10) Love Child – Released in late 1968, when music was at an unmatched zenith, this song is told from the perspective of a young woman explaining to her boyfriend her reservations about having intimate relations because she didn’t want to give birth to a “love child” who will endure the same childhood trauma she did. One of the heavyweight writers contracted by Motown, R. Dean Taylor, later had a 1970 hit with a noteworthy story song (Indiana Wants Me).

9) Same Old Lang Syne – From late singer/songwriter Dan Fogelberg, this wistful song is set against the backdrop of running into an old flame on Christmas Eve, making it a seasonal staple almost 40 years after its 1980 release. In this semi-true story (the real former flame came forward to confirm as fact, with some fiction, after Fogelberg’s death), they “laugh until they cry” and catch up on old times. As the narrator walks away, the scenic snow turns into rain, which is a poetic turn on the line earlier in the song about the woman’s husband who keeps her “warm and safe and dry.”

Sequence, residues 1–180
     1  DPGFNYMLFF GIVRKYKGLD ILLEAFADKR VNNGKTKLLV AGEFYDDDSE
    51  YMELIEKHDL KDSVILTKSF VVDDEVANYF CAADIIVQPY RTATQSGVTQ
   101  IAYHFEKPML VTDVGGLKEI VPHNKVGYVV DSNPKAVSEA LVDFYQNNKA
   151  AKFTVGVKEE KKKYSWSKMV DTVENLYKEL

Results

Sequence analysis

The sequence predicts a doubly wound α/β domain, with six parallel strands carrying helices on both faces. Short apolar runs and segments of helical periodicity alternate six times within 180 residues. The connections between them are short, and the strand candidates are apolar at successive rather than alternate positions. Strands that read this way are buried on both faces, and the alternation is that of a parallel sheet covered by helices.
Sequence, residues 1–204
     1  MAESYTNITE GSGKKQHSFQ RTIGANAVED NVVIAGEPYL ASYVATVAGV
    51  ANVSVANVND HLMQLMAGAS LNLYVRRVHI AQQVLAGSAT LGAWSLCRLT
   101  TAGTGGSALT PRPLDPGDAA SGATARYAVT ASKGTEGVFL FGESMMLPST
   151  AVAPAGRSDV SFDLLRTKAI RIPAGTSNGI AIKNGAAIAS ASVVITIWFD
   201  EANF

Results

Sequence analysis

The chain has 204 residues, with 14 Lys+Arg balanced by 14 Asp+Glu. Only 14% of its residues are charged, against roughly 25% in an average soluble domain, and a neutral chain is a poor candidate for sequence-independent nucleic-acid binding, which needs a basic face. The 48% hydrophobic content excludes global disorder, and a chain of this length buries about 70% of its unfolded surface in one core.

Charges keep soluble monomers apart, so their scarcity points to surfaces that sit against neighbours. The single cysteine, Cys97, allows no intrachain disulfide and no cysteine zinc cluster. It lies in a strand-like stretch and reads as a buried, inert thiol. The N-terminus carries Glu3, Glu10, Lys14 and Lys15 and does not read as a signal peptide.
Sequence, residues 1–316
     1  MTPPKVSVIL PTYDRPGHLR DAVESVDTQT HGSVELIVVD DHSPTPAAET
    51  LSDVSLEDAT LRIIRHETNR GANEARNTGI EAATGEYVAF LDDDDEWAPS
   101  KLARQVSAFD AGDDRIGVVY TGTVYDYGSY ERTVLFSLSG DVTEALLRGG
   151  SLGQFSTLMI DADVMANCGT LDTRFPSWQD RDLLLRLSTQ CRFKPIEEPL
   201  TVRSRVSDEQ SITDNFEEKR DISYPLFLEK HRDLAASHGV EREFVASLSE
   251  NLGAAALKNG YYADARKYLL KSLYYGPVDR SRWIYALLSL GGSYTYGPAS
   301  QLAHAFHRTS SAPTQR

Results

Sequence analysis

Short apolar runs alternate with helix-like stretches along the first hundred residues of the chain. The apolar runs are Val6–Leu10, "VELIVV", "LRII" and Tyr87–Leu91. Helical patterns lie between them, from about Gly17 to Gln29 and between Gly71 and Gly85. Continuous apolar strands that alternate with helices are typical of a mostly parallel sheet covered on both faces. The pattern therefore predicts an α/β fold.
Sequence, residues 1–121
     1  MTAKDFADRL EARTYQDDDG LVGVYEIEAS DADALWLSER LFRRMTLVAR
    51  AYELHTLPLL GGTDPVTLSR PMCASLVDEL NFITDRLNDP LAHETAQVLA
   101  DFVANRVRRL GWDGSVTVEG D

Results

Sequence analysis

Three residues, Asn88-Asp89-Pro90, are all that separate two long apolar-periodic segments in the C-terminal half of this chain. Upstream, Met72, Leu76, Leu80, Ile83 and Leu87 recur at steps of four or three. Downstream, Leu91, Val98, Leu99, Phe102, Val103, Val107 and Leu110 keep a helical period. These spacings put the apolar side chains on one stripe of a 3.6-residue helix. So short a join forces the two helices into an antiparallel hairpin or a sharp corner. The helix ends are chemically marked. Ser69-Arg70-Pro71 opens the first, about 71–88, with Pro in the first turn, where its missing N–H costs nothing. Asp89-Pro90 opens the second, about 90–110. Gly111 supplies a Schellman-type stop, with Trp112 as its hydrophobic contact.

8) A Boy Named Sue – In the music word, the equivalence of being knighted was Johnny Cash covering one of your songs. In 1969, humorist Shel Silvestein was so honored when the man in black took this one to No. 2 on the charts (only to be blocked by “Honky Tonk Women” by the Rolling Stones). It tells the story of a boy growing up hard and tough because of the ridicule for having a girl’s name given to him by a father he never met – until the final verse, during which he tells his father his plans for naming a son — “I think I’m gonna name him Bill or George! Anything but Sue …”